Authors: Slesinski MJ, Subar AF, Kahle LL
Title: Dietary intake of fat, fiber and other nutrients is related to the use of vitamin and mineral supplements in the United States: the 1992 National Health Interview Survey.
Journal: J Nutr 126(12):3001-8
Date: 1996 Dec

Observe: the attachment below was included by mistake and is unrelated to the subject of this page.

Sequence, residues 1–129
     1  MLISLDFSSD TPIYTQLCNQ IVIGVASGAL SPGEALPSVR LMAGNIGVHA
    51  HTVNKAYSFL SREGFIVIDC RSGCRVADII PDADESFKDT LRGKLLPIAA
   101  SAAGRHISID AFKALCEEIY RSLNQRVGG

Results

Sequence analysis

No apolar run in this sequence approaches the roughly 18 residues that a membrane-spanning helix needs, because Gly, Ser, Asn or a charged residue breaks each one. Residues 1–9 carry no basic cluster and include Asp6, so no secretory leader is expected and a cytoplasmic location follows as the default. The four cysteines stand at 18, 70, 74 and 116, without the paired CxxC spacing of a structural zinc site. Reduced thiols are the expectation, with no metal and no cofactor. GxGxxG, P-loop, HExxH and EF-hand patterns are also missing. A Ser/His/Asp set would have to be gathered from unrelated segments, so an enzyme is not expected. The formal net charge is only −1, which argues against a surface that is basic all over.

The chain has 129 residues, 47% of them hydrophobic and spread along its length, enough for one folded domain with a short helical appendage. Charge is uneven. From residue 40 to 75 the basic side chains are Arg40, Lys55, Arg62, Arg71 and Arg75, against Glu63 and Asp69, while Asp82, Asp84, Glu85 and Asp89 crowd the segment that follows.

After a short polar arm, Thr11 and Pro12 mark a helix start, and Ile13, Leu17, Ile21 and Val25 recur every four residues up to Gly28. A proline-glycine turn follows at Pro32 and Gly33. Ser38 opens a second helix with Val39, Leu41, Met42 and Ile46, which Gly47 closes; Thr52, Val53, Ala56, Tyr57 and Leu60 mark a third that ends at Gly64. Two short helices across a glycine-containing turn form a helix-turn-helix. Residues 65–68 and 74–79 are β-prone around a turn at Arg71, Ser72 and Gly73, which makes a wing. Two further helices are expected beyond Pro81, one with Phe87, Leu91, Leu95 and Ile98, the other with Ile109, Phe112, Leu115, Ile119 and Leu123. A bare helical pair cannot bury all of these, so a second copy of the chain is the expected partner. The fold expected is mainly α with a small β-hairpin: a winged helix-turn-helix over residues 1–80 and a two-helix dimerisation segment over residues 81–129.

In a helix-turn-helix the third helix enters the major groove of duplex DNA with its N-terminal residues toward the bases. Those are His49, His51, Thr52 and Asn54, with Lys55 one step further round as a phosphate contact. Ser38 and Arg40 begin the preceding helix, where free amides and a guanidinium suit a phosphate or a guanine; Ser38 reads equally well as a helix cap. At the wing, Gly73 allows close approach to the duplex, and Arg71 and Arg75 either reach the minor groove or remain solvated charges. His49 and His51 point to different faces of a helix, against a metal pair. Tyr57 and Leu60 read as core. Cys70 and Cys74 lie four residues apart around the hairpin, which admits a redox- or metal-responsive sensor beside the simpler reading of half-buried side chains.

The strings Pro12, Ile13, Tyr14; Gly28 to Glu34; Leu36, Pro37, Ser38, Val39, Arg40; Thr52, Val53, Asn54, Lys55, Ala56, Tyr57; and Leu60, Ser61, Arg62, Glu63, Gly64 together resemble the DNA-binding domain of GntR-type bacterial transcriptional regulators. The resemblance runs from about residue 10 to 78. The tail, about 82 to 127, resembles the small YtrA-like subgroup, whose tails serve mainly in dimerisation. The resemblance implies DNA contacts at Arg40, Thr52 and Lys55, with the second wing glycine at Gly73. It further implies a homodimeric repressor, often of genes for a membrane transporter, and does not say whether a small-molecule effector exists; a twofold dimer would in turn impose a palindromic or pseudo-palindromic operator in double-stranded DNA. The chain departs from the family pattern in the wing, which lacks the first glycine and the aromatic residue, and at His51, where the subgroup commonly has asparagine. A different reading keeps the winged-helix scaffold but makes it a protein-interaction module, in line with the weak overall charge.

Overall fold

Abstract: Supplement intake is hypothesized to increase the risk of some diseases while decreasing the risk of others. Both diet and lifestyle behaviors, however, may be associated with supplement use and confound observed associations. Nutrient intake from a food frequency questionnaire, demographic characteristics and lifestyle among supplement users and nonusers were examined in 11,643 adults who participated in the 1992 National Health Interview Survey Epidemiology Supplement. Forty-six percent reported taking a supplement in the past year; 24% reported daily use. Daily use was highest among women, whites, those 75 y of age or older, those at or above the poverty level, those with more than 12 y of education, former smokers, and light drinkers consuming less than one alcoholic beverage per week. When controlled for sociodemographic factors, smoking status and drinking habits, there were no significant (P < 0.01) differences in dietary nutrient intake between daily and occasional supplement users. Compared with those of nonusers, diets of vitamin supplement users were lower (P < 0.001) in fat and higher in fiber and vitamins A and C for both men and women and higher in vitamin E and calcium for women only. In general, diet, demographic and lifestyle characteristics of supplement users are typical of patterns associated with low risk of chronic disease.